Drexel and University of Texas at El Paso Get Federal Grant for Green Manufacturing Education
Green manufacturing is a rapidly growing area of interest, particularly to businesses where more environmentally friendly practices have created more opportunities for growth, cost-savings and customer engagement and satisfaction.
But while today’s businesses are becoming more and more invested in green manufacturing, the question remains, as with any still-evolving area of industry: Where will future leaders of green manufacturing come from?
There will no doubt be a next generation of green-conscious professionals, but unless green manufacturing is incorporated into the education system now, the continuance of the work that is currently being done in the relatively new field will be significantly impacted.
Colleges and universities are stepping up to the challenge of creating academic courses and curriculum, and even entire degree programs, for students who are interested in getting a foothold in this emerging subject.
The University of Texas El Paso (UTEP), in El Paso, Texas, and Drexel University, in Philadelphia, two seemingly disparate institutions, thanks to a $2.5 million grant from the U.S. Department of Education, will begin a five-year collaboration as part of a federal program called Fusing Green Energy into Manufacturing Engineering Education. The grant will allow Drexel and UTEP to integrate information and technology-based real-world problem-solving into green energy manufacturing courses.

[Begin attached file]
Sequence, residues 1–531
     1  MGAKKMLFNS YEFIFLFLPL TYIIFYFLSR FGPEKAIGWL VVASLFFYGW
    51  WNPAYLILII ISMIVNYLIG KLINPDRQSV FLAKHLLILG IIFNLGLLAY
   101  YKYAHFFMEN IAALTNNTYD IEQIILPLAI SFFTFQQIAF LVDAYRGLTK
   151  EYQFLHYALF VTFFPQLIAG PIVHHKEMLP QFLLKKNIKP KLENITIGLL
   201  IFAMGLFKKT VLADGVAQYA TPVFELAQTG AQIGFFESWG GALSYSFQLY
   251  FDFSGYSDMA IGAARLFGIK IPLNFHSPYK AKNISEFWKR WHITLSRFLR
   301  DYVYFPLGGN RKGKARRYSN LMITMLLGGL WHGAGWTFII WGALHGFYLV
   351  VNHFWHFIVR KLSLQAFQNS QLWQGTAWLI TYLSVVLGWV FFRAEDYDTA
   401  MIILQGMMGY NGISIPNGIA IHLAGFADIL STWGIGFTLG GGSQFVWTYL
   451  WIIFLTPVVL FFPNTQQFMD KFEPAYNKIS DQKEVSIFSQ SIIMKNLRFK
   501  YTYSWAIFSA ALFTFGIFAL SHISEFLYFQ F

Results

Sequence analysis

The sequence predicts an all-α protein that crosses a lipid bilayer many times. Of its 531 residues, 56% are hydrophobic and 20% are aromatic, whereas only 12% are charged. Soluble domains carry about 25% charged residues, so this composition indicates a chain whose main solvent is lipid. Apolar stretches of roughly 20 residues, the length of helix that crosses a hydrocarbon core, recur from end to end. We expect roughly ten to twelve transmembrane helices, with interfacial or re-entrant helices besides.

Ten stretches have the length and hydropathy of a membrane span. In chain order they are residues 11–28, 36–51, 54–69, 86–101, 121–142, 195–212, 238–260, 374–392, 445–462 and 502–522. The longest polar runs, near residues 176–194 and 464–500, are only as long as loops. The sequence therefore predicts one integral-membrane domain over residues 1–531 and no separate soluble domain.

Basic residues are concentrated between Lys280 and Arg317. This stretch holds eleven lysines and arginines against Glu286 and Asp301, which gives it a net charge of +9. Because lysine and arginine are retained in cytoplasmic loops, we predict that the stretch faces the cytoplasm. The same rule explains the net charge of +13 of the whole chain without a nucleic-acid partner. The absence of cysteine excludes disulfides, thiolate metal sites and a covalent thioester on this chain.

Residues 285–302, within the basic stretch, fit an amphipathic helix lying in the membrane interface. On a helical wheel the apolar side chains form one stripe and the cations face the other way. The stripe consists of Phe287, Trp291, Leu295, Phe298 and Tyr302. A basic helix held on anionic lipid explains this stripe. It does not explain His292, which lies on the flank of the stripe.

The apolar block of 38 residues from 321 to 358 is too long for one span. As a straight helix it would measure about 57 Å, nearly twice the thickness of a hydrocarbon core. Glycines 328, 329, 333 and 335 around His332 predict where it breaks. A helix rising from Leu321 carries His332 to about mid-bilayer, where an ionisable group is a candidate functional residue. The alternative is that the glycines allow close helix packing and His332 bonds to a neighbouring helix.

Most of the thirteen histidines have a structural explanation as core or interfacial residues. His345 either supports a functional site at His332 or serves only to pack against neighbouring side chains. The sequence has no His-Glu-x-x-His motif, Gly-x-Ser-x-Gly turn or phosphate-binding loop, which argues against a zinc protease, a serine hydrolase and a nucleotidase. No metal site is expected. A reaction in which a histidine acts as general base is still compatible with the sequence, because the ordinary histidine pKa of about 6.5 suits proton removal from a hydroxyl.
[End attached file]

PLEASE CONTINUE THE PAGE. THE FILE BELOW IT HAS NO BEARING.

Through the grant, Drexel will design modular web-based courses (courses that can be accessed remotely) with hands-on course work for students at both Drexel and UTEP. Engineering students at UTEP will tap into those courses in the classroom as well as from the field, at companies in and around Texas that are participating in the initiative. Work is set to begin this October, with the first courses being available in early 2013.
“We want to give our students the tools to transform products and transform an industry,” says Eric Smith, a professor of industrial manufacturing and systems engineering at UTEP. “We’re going to innovate in this program, because there’s a lot to learn and we’ve got students who are really fired up to learn how they can help.”